Applying confidence intervals in a stressor-response context may require that the analyst specify a magnitude of effect that would ecologically meaningful. For example, one might specify a priori that a decrease in total richness of 5 taxa would constitute an ecologically meaningful decrease. Then, one would examine the estimated mean effect of a stressor on total taxon richness and its associated confidence intervals to ascertain whether this threshold was exceeded.
Methods that assume normality should not be applied to data that contain outliers or have heavy-tailed distributions. Rank-based or other outlier-resistant methods may be applied, without needing to exclude putative outliers from the analysis.
Methods that assume normality may be applied to data with skew distributions if the data are transformed to correct skewness.
Assessment of distributional assumptions should be based in part on graphical evaluation of distributions and familiarity and experience with particular types of variables, and not only on statistical tests of assumptions. It is often of interest to know in what way a distribution deviates from normality, e.g., because of outliers or skewness. The normal distribution should not be treated as a default in cases where experience indicates that, say, a particular type of variable is more likely to have a lognormal distribution.
Possible effects of and remedies for autocorrelation or pseudoreplication should be considered.
When focusing on effects of one variable, possible effects of other variables should be taken into account. It is desirable to consider methods that minimize confounding. Some standard methods for evaluating the effects of a single variable on a response, while ignoring others may not be suitable for ecological data.
In a regression context, tests of assumptions are generally applied to regression residuals (differences between observed values of the Y variable, and values predicted by the model).
Correct use of statistical tests and confidence intervals requires that the appropriate interpretation be kept in mind. In particular, statistical significance (a low p-value) is conceptually distinct from practical significance, i.e., from the issue of whether biological effects observed in a situation are large enough in magnitude to be of practical importance.
The paper "mathematics of a lady tasting tea" (Fisher 2000; first published 1956) is currently available online. The story is included in a similarly-titled, engaging book by Salsburg (2001), useful for understanding many aspects of statistical data analysis.
Relatively advanced, rigorous treatments of statistical testing include Cox and Hinkley (1974) and Cox (2006). For understanding of the role of randomization (or probabilistic sampling), it is helpful to explore the concept of design- versus model-based analysis (Cox 2006, Ch. 9; Little 2004). In essence, certain statistical inferences may be considered "robust" because of a justification based on the known randomization scheme, rather than by a basis in distributional assumptions.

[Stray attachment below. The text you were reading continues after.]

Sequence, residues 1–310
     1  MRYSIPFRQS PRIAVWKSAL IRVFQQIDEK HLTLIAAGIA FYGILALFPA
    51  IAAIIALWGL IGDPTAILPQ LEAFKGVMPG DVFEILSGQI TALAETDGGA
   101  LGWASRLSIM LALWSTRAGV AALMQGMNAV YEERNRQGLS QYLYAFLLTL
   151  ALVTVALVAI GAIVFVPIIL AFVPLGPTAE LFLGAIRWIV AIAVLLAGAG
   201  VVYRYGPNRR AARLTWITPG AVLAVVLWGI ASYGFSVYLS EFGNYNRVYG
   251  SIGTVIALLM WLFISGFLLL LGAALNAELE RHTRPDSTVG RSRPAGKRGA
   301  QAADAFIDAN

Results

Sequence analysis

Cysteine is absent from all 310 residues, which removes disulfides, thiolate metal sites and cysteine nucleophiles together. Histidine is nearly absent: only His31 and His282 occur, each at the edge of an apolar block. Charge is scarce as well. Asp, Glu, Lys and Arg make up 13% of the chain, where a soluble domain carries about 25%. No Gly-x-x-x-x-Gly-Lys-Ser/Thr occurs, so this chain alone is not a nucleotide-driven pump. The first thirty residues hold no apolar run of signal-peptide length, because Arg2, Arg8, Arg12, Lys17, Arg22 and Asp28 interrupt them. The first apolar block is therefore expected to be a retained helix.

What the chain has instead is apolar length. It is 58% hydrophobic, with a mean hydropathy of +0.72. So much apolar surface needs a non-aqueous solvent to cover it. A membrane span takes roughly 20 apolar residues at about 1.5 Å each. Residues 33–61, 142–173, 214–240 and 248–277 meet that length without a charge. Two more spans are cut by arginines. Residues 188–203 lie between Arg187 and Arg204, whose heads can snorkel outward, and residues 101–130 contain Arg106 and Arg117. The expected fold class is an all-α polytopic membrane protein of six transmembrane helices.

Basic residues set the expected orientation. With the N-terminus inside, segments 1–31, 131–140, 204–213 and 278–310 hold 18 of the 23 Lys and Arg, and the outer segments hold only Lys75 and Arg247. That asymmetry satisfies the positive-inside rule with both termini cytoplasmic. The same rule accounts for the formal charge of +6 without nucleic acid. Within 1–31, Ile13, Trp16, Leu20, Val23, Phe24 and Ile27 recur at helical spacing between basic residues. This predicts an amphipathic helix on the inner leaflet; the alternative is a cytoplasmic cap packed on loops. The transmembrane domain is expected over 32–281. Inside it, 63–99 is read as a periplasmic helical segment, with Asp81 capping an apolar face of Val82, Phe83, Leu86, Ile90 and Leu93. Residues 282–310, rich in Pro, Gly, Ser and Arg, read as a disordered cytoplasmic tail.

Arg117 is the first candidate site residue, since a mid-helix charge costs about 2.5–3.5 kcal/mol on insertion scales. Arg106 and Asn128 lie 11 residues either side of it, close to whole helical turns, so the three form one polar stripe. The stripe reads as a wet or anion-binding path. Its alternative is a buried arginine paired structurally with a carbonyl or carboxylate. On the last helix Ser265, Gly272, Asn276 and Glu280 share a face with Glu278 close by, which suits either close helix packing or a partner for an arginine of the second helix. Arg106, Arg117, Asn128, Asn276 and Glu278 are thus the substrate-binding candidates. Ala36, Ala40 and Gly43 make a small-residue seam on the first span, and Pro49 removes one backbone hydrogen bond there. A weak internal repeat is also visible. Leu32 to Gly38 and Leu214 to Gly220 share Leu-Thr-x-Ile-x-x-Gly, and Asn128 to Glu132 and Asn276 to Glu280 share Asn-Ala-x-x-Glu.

Miller (1997) is useful with respect to practical consequences of violating assumptions of statistical tests, in particular reduction in power associated with outliers or heavy-tailed distributions.
Hoenig and Heisey (2001) criticize the use of power computations in data analysis, while acknowledging that they are necessary in study design (also see Cox and Hinkley 1974, p. 105)
Some readers will note that the account given here is frequentist, and may think that more attention could be given to alternatives to conventional statistical tests (of null hypotheses of zero effect), such as Bayesian methods, likelihood ratios, meta-analysis, confidence intervals, or non-standard statistical tests. Here, the priority is avoiding unjustified interpretations of data based on misunderstandings of standard methods. The treatment is not intended to discourage alternative approaches.
An important trend in ecological statistics, is model comparisons using likelihood and information-theoretical methods. It is valuable to be able to approach causal issues based on comparisons of fitted models. For example, testing that effects of land-use can be accounted for by stressors that result from land-use changes might be formulated as a comparison of models that are similar except with respect to the inclusion of a land-use variable. Model comparisons are used based on likelihood-ratio tests (including partial F tests as a special case) or on use of penalized likelihood statistics such as the Akaike Information Criterion (AIC). Burham and Anderson (2002) is an influential text. Bolker (2008) is a resource for ecological model comparisons in the programming language R.
Graphical display of confidence intervals is encouraged over p-values, which are likely to be more difficult to compare.
Stunkard (1994) provides a treatment of tests for which the null hypothesis is a specified magnitude of effect, rather than the conventional zero-effect null hypothesis.